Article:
More than 3,500 people have been infected by the Ebola virus and at least 1, 900 have died in Liberia, Guinea, Sierra Leone and Nigeria since the first documented cases in December, according to new figures released by the World Health Organization.
Complimenting the US for its support through the Centers for Disease Control and Prevention, WHO director general Margaret Chan called upon the international community to do more to combat the disease, reports CNN.
Senior United Nations system coordinator for Ebola David Nabarro noted that paucity of hospital beds and healthcare was leading to infections spreading among family members caring for the sick.
He said there was a desperate need for human resources to help on the ground, besides funds of at least $600m to contain the outbreak.
American healthcare worker Nancy Writebol, who was infected and has recovered, and her husband David have also called attention to lack of hazard suits and other equipment required to keep doctors and nurses safe, reports AP.
The couple who work for North Carolina-based SIM, the charity that runs the ELWA hospital in Monrovia, said that 250 staffers at the hospital use thousands of disposable protective suits each week, but even they are not enough to fully protect the doctors and nurses.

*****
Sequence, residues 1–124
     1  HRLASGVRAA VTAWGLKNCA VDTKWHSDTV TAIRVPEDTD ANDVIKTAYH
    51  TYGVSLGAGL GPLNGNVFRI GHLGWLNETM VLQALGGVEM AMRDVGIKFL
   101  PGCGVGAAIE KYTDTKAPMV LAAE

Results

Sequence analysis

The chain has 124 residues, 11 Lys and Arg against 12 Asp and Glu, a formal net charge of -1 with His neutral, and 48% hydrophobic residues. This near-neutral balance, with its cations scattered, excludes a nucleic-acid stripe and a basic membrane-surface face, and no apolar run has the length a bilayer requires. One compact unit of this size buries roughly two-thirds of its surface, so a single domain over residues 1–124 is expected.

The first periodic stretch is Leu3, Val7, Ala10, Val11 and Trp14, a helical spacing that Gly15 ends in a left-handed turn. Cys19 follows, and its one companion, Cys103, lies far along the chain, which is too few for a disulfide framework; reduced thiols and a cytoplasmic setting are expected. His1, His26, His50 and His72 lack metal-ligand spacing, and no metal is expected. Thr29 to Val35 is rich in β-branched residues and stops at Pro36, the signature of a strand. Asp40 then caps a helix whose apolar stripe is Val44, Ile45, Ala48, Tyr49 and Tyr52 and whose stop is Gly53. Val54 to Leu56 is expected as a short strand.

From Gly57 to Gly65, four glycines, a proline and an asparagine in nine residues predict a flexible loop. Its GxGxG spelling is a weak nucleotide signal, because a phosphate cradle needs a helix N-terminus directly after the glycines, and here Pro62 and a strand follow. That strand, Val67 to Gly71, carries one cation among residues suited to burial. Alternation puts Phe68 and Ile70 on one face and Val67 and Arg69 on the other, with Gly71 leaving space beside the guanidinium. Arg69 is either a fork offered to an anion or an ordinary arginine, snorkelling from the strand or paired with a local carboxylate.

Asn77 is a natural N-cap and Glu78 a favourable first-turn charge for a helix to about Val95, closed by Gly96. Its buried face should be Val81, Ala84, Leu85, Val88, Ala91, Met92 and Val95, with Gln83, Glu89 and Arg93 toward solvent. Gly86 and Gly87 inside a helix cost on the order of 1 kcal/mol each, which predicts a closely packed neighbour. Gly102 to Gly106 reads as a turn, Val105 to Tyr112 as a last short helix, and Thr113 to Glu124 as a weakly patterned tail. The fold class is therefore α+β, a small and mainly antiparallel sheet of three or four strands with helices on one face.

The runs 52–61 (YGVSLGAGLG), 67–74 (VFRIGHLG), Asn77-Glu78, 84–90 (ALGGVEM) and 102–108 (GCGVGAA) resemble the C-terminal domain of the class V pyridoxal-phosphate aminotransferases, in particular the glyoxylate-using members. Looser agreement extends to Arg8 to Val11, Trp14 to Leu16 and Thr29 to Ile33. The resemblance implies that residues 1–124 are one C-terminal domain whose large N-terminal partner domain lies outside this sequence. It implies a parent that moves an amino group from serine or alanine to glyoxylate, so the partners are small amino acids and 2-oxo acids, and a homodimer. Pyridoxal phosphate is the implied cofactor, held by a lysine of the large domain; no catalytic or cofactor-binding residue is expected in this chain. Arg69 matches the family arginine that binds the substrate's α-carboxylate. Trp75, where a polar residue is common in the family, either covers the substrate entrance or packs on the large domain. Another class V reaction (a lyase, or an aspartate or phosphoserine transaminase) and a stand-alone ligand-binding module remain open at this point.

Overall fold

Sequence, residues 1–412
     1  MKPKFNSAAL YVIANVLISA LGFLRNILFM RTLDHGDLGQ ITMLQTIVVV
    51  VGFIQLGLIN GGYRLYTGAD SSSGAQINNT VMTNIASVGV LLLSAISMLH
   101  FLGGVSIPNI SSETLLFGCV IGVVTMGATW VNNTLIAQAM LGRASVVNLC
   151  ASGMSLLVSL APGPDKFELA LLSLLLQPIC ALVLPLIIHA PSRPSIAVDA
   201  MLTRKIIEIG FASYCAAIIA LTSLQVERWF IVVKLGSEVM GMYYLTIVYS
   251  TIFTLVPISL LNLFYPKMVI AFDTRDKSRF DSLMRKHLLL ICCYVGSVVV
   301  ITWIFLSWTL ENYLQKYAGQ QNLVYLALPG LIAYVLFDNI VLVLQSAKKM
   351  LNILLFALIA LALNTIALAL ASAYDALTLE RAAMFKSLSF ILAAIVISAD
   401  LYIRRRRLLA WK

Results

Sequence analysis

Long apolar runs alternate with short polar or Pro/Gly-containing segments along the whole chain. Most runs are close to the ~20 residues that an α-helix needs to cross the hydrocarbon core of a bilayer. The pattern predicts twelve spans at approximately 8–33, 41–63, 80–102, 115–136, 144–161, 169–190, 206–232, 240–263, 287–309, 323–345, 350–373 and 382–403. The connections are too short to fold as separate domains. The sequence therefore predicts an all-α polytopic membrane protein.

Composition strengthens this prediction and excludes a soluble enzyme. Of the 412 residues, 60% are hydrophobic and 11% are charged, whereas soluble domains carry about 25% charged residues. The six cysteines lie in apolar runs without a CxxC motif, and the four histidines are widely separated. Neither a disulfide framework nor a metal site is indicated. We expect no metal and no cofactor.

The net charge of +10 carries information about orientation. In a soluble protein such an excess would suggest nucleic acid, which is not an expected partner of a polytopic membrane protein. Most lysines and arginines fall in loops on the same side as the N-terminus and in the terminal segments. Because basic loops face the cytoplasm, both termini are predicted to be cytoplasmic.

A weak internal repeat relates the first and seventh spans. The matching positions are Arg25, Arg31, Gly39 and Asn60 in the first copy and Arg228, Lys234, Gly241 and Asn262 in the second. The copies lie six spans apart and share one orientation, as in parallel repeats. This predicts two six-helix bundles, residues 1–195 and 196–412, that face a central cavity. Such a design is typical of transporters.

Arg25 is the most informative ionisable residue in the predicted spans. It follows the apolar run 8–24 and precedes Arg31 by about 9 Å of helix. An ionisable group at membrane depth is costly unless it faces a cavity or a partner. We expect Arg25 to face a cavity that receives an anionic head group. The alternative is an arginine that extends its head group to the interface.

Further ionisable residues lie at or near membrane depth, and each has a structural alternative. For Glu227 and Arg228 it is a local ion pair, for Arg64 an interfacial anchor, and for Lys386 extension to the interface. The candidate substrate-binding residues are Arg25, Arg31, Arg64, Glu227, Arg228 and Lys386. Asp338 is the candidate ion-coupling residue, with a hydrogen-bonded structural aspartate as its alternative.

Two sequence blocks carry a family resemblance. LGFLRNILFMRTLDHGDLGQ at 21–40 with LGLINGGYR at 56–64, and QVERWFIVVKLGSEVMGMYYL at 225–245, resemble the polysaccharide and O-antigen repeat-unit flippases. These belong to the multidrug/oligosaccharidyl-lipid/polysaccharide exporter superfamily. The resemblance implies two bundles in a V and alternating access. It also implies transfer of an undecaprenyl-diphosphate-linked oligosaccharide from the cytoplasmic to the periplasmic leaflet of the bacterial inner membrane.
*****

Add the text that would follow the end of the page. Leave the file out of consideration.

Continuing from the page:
This is evident from the infection of Rick Sacra, an obstetrician who followed all the protocols to protect himself at work.
The international president of Doctors Without Borders, Joanne Liu, has criticised the international community for its "lethally inadequate" response to the global threat and requested UN members with the technology to intervene in a biological threat to do so immediately.
She noted that the WHO announcement on 8 August about the epidemic being a "public health emergency of international concern" has not led to decisive action, and states have essentially joined "a global coalition of inaction".
New cases in Nigeria
Nigeria's minister of health said there are three new confirmed cases of Ebola in the oil hub Port Harcourt. In Lagos, five people have died from the virus.
Nigerian health authorities are monitoring the health of more than 200 people who may have had contact with the doctor who brought the infection to the country.
The confirmed Nigerian cases now include the doctor's spouse and a patient at the hospital where the doctor was treated.
The WHO is due to hold a meeting to examine the most promising treatments and to discuss how to fast-track their testing and production, reports BBC.
Disease control experts, medical researchers, officials from affected countries and specialists in medical ethics will all be represented at the meeting in Geneva.